Wobik Wong is one of the Hong Kong based artists who has been commissioned by Open Eye Gallery to create new work for LOOK/17.
Her practice spans several decades and her work is held in collections in both Hong Kong at the UK. I met Wobik part way through her research visit to Liverpool back in February. We downloaded images she had been taking around the city and together we scrolled through looking at them as she talked to me about the similarities she notes between Hong Kong and Liverpool, the aesthetics of disappearing and being a stranger in a city. I asked her what her eye was first drawn to when she arrived in Liverpool.
“I found some of the old abandoned houses, or not so abandoned but with not many people in, has maybe abandoned that some plants growing up on top. I found that a lot of the buildings, probably similar to in Hong Kong years ago, the kind of style is very similar.
Well in fact, there are a number of old historical kind of buildings in Hong Kong, with the UK Victorian style, so when I come to Liverpool I got the feeling to see buildings that are similar – because you know Hong Kong has been occupied by British government? So they adopted the same kind of building style. This Georgian style – these buildings were mostly built in the mid 1930s, but of course abandoned in the 1970s or 80s. And now they’re waiting for the land developer to occupy it and change it to something else.”
As a photographer, Wong has been drawn to dilapidated old buildings, faded grandeur and the politics of being inside or outside of them. She also show photographs from past series that show her interest in recreating the past, in fabrication and reality, which is something that she is drawn to in Liverpool.
She walks, taking what she calls ‘tourist’ or ‘maybe garbage’ photographs, which seen together (you can view previous series on her website), accumulate into a particular vision of places on the verge of disappearing or being reconstructed, of spaces she has access to or which would require invitation to enter.
Wobik speaks about how she had been denied access to photograph buildings in Hong Kong, and when she chose the Port of Liverpool as a subject, had to request special access to take in a tripod, which she was still waiting to back hear on when we spoke – and crucial to how the resulting work would develop.
“So when I came here, I took a lot of these photographs, like a tourist – I had something special to look at. And also, Sarah (Director, Open Eye Gallery) took me to the Cunard and also to the Port of Liverpool, and I really loved those interiors, especially the Port of Liverpool. I wanted to go back again and again to take pictures, it is so spectacular.”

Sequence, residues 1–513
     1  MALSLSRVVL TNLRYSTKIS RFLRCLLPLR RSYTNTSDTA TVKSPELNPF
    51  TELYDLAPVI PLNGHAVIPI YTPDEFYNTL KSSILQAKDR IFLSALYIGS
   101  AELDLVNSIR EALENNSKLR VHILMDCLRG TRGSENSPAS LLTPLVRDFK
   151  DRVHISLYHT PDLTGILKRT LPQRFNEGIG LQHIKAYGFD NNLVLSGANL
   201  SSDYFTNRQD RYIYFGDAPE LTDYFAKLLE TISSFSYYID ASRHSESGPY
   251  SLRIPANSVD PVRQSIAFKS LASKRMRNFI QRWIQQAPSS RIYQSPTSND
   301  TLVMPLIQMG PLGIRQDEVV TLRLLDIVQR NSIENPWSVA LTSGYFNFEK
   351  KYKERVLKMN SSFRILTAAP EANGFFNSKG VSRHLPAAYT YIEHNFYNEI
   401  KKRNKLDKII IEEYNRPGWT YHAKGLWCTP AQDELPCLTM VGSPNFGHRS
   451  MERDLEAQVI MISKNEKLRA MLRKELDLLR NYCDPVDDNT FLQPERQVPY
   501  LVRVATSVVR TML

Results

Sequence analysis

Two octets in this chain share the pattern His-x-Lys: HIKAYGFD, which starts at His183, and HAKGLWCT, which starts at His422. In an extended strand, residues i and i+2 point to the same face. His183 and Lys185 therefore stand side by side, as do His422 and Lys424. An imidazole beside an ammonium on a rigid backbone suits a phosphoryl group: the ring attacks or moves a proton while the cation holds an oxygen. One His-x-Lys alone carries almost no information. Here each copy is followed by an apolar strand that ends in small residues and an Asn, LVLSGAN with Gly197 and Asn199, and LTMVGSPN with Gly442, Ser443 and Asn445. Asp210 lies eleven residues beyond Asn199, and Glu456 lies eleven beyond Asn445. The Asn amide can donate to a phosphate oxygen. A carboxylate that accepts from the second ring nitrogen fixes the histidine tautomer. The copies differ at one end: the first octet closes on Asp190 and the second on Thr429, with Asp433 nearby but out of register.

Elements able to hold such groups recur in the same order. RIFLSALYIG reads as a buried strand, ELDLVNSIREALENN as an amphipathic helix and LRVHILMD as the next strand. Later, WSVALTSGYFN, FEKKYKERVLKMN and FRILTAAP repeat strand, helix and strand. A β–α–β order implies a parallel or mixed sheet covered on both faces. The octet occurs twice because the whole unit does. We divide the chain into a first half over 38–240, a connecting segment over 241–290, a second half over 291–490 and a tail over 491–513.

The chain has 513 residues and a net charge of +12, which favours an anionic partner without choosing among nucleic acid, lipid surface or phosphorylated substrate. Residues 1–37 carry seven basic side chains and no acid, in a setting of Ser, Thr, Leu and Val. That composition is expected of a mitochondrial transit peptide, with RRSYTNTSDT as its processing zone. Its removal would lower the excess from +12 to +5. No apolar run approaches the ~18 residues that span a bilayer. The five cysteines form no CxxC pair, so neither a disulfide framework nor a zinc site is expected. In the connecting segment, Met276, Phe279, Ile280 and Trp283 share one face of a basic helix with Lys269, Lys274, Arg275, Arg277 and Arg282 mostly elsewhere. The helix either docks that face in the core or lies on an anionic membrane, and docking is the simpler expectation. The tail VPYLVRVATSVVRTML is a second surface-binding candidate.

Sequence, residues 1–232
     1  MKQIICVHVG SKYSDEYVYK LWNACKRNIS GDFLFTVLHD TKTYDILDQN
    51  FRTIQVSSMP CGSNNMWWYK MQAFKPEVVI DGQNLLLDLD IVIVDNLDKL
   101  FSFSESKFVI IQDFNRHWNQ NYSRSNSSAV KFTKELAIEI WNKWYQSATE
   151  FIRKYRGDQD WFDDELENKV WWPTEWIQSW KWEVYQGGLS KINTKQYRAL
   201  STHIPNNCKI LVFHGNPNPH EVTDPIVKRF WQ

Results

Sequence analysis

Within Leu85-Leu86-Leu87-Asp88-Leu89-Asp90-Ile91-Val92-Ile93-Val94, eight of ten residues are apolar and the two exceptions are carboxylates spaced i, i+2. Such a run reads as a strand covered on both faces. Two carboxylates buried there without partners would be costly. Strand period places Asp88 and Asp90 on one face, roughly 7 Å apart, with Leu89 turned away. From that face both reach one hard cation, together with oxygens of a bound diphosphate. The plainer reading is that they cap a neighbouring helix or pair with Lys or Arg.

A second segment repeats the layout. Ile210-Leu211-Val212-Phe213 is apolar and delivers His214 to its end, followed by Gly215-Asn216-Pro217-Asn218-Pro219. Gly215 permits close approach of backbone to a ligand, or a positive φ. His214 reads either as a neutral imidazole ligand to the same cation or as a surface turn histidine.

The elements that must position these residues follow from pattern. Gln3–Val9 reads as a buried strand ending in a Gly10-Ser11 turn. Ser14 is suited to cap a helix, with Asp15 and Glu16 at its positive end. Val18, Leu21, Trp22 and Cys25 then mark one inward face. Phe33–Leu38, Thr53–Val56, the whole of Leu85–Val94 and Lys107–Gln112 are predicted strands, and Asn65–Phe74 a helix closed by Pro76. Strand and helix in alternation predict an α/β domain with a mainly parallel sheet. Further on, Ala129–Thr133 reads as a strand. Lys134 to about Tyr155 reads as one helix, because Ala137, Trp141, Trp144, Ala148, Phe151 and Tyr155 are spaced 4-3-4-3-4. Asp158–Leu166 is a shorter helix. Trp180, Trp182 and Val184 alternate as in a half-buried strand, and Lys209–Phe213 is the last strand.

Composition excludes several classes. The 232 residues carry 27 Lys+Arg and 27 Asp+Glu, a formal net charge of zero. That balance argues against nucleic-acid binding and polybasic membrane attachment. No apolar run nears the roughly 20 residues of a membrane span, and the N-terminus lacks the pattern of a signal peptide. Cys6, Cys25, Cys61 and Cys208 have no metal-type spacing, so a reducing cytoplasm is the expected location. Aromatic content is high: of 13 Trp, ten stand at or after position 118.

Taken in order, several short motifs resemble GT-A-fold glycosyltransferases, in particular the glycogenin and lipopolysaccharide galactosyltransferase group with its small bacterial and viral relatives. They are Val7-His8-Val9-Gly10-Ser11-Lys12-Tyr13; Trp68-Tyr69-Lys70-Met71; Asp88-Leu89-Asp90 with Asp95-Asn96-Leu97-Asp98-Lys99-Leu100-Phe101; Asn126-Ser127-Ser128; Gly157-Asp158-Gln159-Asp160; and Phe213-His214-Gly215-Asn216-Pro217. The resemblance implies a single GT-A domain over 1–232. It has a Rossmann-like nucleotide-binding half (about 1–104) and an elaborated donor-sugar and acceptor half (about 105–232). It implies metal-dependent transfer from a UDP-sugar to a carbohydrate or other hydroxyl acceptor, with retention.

Wobik speaks a lot about disappearance, walking in cities and historical buildings being lost or abandoned. The sheer quantity of photographs that she has taken in Liverpool that relate to the architectural changes she has witnessed in Hong Kong are surprising. I ask her what it is about the city that compels her to wander and take photographs.
“Well, because I studied in the US for 6 years, when I went back to Hong Kong in the early 80s, I felt very strange about it and every day I went out with my camera and walked along the street and took photographs. But eventually I felt so many of the familiar buildings were gone during the 6 years, so I wasn’t kind of upset, or nostalgic, but I just want to keep photographing some of the buildings that are on the verge of disappearing. I don’t know what you call it…the aesthetics of disappearing. (Akbar Abbas). I gradually feel that kind of way of the kind of disappearing, some of the buildings, they are not related to memories of places but memories of people.”
You can see the finished work that was being developed at the time of this interview at Open Eye Gallery as part of Culture Shifts: Global, 7th April – 14th May 2017
Wong Wo Bik is an active photographer and mixed-media artist, curator, art educator and researcher. She was awarded Hong Kong Women Excellence in the Six Arts (Visual Arts) by Hong Kong Federation of Women in 2013 and received the Certificate of Commendation from the Secretary of Home Affairs, Hong Kong for the promotion of art in 2010. Wong is one of the founding members of Hong Kong International PhotoFestival and has been a Museum Honorary Advisor to the Leisure and Cultural Services Department since 1996. She was the fellowship recipient of Asian Cultural Council in 1993 and Institute of International Education in 1995. Her solo publications include: Color & Consent, by Polaroid Far East Corporation (1983), Hong Kong/China Photographers – Volume Four – Wong Wo Bik, by AsiaOne Publishing Co. Ltd (2009). She has participated in more than 100 solo and group exhibitions locally and internationally. Her works are collected by The Archive of Modern Conflict (UK); Guangdong Museum of Art (China) and Hong Kong Heritage Museum. She currently lives and works in Hong Kong.
Interview by Anna Taylor
Images courtesy Wong Wo Bik